No one interviewed or even overheard thought smashing up and throwing paint on patrol cars was a good idea. Most thought it was a supremely bad idea. Many said they were, however, unsurprised by the vandalism, given the high levels of frustration people were feeling.

The culprit is still being sought, and Ocracokers hope the case is solved, not least to satisfy the curiosity of whether a local or a visitor was the perpetrator. Sundae and I would like to officially lay to rest the notion floated by Ocracoke Coffee Co. barista Luke Harrington that she or I did it so we'd have something to write about.

Blue lights flashed for violations that seemed irrelevant, said Al Scarborough, who was pulled for being in his golf cart in the down base parking lot. Golf Carts can not be on federal land. Or can they?

Is that an actual law Congress took time to draft and pass?

Trooper Moore said that law justified the stop. Retired Ocracoke NPS District Head Ranger Kenny Ballance said it was a law, but he'd never seen any reason to discourage golf carts from using the parking lot. NPS Enforcement Officer Joshua Vann said a Hyde County ordinance permits golf carts in the village.

Dad (aka Al Scarborough, for off island readers) called and interrupted my afternoon nap on Friday, hoping to talk to a reporter. I ignored two of his three calls. Nap time is sacred.

"There is no doubt about it. It's out and out harassment," he told me. My father is retired, and has some time on his hands.

"I followed and watched them stop five people within a half hour. All of them went by me doing nothing wrong, with their seat belts on. Then they just pulled out and stopped them," said Scarborough, who was astonished by the reasons some people were given for being pulled, including a slightly askew inspection sticker.

That woman then had the prescription pills she'd just picked up from the Health Center checked before being allowed to continue her day.

A lot of people confessed to giving up and just staying home. About 100 fewer people than usual attended the community wide barbeque dinner that OISFT hosts, and Howard's Pub employees said they were disappointed with the turn out at the post-party.

Neither Craft nor his patrolmen see any need to apologize for any of their stops. "We stop for seat belts. We'll stop for any violation that we can to determine if [drivers] have been drinking," said Craft. "I don't understand how people can not support that."

Of the 59 charges issued by Trooper Moore and Sergeant Daniel, 32 were for seat belt violations. Wearing a seat belt "should be in your mind every day when you drive," said Craft. The other citations written were for improper child restraints, expired registration and licenses, and speeding. 18 written warnings were also issued, as well as number of verbal warnings.

Adrienne Wolf serves up the best cocktails at the Back Porch, and was stopped after making a left turn onto Bank Road, when officers observed the rear wheels of her vehicle cross the double yellow line.

Adrienne freely admitted she had been drinking wine before driving to pick up take out food from Gaffer's. She also refused a breathalyzer.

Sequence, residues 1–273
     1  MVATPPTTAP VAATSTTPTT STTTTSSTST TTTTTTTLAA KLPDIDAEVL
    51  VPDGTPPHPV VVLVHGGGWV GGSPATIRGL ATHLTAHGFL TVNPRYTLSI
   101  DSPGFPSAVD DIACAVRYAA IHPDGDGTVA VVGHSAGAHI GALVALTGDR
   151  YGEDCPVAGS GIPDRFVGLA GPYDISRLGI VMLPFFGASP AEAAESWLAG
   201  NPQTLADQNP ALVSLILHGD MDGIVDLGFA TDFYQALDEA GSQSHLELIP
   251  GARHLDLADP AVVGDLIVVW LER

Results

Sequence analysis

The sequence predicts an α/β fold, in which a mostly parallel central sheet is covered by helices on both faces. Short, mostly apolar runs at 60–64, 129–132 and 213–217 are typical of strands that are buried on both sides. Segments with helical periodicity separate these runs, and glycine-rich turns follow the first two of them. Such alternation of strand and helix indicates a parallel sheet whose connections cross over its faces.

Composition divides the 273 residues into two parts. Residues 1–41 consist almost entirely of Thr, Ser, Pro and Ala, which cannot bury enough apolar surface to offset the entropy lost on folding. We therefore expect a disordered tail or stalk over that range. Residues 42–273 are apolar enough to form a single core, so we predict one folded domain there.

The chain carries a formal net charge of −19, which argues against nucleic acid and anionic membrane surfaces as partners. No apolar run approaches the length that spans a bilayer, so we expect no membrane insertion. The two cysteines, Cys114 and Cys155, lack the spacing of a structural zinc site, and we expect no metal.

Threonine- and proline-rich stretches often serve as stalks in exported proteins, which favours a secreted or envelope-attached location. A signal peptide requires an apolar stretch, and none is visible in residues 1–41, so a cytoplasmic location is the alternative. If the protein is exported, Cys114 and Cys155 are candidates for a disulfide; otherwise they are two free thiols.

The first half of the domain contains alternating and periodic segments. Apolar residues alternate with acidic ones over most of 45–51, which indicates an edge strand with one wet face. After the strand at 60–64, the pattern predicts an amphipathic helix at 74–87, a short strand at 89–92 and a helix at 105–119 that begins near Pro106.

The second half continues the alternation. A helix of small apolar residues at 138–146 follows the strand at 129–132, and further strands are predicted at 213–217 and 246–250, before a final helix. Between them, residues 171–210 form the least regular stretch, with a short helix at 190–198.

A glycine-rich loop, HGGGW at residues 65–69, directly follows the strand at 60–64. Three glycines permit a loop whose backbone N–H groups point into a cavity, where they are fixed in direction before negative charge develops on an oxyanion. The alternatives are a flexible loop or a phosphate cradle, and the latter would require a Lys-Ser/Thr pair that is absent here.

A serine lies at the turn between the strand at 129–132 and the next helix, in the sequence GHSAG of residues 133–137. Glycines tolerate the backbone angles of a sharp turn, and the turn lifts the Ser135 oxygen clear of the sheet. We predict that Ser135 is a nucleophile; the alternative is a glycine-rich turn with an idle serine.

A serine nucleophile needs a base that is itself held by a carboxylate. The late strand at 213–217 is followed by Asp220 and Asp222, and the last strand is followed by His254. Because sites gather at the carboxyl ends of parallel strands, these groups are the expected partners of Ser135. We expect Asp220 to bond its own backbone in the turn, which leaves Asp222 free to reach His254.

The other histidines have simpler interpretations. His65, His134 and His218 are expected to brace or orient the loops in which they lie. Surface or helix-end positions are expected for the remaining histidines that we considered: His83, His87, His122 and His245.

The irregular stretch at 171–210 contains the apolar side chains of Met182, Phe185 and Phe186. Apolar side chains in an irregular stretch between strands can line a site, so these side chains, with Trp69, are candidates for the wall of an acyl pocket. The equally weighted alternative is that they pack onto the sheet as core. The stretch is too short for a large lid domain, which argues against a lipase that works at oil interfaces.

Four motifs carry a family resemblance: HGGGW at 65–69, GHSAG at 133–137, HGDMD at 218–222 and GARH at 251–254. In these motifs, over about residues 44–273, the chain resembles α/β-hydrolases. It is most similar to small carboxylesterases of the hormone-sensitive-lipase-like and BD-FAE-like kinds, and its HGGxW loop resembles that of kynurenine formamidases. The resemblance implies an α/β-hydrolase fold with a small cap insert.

"I counted one Mississippi to twenty Mississippi. I walked the line. I touched my nose, and followed his finger back and forth. I guess I passed," said Ms. Wolf, who was fewer than 200 yards from her home. The experience was mostly embarrassing, she said.

"Everyone who gets pulled feels targeted and embarrassed," she said. "I ran an errand and came home fine. They're just doing their jobs. I get that. I'm glad I got a warning and not a DWI. I imagine there are people that earned them."

When the officer questioned a sweet smell coming from her vehicle, Adrienne assured him it was "probably the chicken wings," which were not as hot as she wanted them to be when she sat down to eat.

Craft recognizes that because the village is small, troopers are highly visible when they visit. Craft wants to "make it not a big deal for troopers to be on the island. We're going to have to come more and be seen more."

"It's a geographical challenge to get over there. The schedules that we work make it difficult to get over there for a day trip," he said.

Troopers normally work 8 hour shifts. To patrol Ocracoke requires a six hour round trip, either through Dare County, which District IV does not normally patrol, or via the Swan Quarter ferry. Day trips mean troopers are spending a great deal of their shift in transit, rather than on patrol.

Over night stays have their own challenges. Budget requests must be approved for accommodation and meals. "I'm going to have to sit back, look at it, and figure it out," said Craft, who has led District IV for the past year and a half.

Why not send one deserving officer for a dip in the ocean and two nice long boat rides? He or she could work one afternoon and evening, spend the night at one of Ocracoke's fine motels, and catch the sunrise on the way home. Both the 4 local and 3 federal officers who work on Ocracoke would provide back up.

Patrolling Ocracoke differs from patrolling highways. Bikes, pedestrians, golf carts, motor vehicles and delivery trucks share small, narrow roads.

"There is no question that we need to set the example. We don't need to be running 50 miles per hour in the village. We need to take into account the type of violation we're trying to get to," said Craft.

"I try to have an understanding of the life that goes on on Ocracoke," said Craft, who has both patrolled here and vacationed here since 1995. Many of his colleagues also "love the island" and enjoy vacations here. Some residents even call First Sergeant Craft by his first name.

"It's not that we want to come pick on people. We want people to remember there are laws they have to follow, even on Ocracoke," said Craft.